How much value is left in ‘less dramatic’ Brisbane?

By Sasha Karen 07 June 2019 | 1 minute read

A new report has analysed the state of the Brisbane market, looking at how property has performed there as the halfway point of the year approaches, and where it is likely to move in the second half.


According to Herron Todd White’s Month in Review report for June 2019, the Brisbane market has been “less dramatic” compared to other markets, but the report notes this as a positive, labelling the first half of the year as conservative.

“The general consensus among our valuers is that Brisbane has been a steady performer across the board. There was some minor price softening in our markets, but not enough to give owners the jitters,” the report noted.

“In addition, when compared to some of the country’s larger markets, we were probably considered a stellar performer by some.”

The report claimed that figures at the start of 2019 pointed towards growth, but market forces reversed the course of this potential.


However, this has resulted in the market appearing to be affordable when compared to other states.

A series of infrastructure projects in the state, both announced and commenced, have been described by the report as likely to increase employment prospects, which would funnel through to the state’s economy.

However, the same factors holding back the property market in other states were still felt in Brisbane, such as tight lending conditions and market uncertainty created by the federal election.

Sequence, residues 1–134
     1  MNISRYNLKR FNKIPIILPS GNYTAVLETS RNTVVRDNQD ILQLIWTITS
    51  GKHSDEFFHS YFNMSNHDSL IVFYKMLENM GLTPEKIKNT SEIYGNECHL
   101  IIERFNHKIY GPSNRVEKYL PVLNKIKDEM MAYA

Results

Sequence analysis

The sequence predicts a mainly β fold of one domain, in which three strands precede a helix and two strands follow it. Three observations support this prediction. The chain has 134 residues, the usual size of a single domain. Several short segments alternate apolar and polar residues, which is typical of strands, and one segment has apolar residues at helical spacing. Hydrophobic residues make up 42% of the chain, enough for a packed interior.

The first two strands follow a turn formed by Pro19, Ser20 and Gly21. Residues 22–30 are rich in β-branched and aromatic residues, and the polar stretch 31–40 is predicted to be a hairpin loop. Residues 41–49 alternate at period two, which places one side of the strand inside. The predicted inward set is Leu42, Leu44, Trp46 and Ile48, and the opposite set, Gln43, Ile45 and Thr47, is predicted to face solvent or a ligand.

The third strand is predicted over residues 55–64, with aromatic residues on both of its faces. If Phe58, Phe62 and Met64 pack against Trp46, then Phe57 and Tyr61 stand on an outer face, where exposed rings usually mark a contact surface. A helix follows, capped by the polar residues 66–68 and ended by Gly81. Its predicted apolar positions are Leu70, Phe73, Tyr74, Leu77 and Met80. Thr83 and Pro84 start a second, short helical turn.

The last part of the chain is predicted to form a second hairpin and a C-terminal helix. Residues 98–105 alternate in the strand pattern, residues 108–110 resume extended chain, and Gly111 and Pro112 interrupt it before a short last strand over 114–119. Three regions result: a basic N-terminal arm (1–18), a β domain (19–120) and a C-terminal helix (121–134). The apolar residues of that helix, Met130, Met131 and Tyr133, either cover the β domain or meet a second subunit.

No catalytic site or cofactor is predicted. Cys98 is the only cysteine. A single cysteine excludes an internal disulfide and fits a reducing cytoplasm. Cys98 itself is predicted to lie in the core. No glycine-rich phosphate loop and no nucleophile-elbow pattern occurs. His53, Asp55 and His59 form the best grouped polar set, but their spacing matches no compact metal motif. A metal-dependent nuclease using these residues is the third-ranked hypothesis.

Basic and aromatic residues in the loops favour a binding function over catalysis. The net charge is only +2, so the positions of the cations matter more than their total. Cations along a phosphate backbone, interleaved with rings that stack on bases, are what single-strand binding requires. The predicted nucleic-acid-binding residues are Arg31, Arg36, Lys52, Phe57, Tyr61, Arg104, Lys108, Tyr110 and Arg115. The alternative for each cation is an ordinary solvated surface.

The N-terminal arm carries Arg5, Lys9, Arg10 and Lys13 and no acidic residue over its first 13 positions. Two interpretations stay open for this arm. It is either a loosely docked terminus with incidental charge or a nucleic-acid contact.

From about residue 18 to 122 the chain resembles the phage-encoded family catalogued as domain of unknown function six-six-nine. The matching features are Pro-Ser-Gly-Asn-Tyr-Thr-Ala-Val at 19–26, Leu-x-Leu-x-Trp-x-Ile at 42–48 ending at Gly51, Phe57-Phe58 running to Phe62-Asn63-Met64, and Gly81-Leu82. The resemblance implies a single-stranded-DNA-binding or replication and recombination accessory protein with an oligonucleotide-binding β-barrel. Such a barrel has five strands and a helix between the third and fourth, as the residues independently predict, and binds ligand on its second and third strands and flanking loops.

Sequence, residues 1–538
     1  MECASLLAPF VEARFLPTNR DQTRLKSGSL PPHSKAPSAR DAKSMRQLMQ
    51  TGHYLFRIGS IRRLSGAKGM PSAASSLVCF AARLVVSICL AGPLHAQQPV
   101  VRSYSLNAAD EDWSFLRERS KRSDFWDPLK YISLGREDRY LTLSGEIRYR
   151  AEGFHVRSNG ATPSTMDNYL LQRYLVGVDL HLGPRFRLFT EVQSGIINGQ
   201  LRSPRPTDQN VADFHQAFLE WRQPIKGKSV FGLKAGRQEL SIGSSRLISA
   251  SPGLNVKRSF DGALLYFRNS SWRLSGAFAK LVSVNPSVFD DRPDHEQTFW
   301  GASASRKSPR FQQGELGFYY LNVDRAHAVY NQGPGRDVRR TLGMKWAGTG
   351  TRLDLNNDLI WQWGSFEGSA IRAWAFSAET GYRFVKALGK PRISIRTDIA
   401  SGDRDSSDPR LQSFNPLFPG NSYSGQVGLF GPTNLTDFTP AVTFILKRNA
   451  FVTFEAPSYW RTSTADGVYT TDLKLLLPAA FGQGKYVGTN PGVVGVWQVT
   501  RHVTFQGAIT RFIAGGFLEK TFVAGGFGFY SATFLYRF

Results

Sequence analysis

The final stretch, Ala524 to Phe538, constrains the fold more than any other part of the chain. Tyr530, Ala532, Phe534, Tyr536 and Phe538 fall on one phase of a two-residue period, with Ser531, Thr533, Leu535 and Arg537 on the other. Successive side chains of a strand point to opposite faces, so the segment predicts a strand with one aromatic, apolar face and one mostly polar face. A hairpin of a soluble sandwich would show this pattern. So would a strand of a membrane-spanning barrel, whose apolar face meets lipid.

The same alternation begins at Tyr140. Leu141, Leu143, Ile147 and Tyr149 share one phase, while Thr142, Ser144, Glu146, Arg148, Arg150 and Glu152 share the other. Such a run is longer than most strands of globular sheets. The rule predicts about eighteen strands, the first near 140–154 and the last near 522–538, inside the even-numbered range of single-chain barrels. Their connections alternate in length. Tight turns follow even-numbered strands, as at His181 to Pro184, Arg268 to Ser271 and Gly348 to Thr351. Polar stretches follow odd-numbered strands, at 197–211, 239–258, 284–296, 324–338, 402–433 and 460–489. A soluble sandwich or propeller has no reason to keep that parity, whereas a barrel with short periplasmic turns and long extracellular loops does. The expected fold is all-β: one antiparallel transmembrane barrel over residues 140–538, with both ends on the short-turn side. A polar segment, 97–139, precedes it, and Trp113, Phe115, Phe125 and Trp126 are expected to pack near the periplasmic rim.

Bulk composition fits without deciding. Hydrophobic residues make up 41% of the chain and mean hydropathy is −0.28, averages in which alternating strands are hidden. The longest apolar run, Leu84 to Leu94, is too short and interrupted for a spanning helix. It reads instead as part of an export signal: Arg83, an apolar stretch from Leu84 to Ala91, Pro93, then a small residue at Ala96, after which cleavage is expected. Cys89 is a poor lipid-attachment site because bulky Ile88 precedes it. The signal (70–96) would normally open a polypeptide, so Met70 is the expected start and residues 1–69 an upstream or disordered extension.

“Of course, with the election over and APRA starting to relax borrowing guidelines, it could be brighter times in the months to year’s end,” the report claimed.

Property located in the sub $2 million market, for example, was affected the most, according to Herron White Todd’s analysis.

“While there were still enough buyers with the desire to purchase in this bracket, their aspirations were slowed by loan rejections,” the report noted.

“The result has seen properties sitting on the market for longer than in previous years and, in some instances, asking prices are being reduced slightly to achieve a sale.”

Meanwhile, property above $3 million seemed to be immune to market influences, with sales at this price bracket performing well, according to the report.

Tighter finance has also impacted sales conditions, with the report noting finance clauses running between 21 to 30 days, which is long when previously finance clauses were at seven to 14 days.

Oversupply of high-rise units have seen a noticeable easing off, the report stated, especially within investor supply, and as such this property type has noticed a continued decline in value.

In comparison, owner-occupied boutique units were seeing relative success in the face of development sales rates at historically low levels.

“If you were purchasing a unit at the start of 2019, hopefully it was one that would appeal as much to owners as it would to investors,” the report stated.

New house and land also saw a slowdown in the rate of sales during January to June.

Rental properties, however, have seen a slight and gradual rise throughout the first half of the year, providing some relief for landlords.

In the latter half of the year, the report notes that following the result of the federal election, sentiment “turned on a dime the Monday after election weekend”.

“In fact, the feeling is pent-up demand for investing in real estate will be released as we travel through to the end of the year,” it stated.

“This may well result in improved values too, but let’s report on that when December rolls around.”

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How much value is left in ‘less dramatic’ Brisbane?
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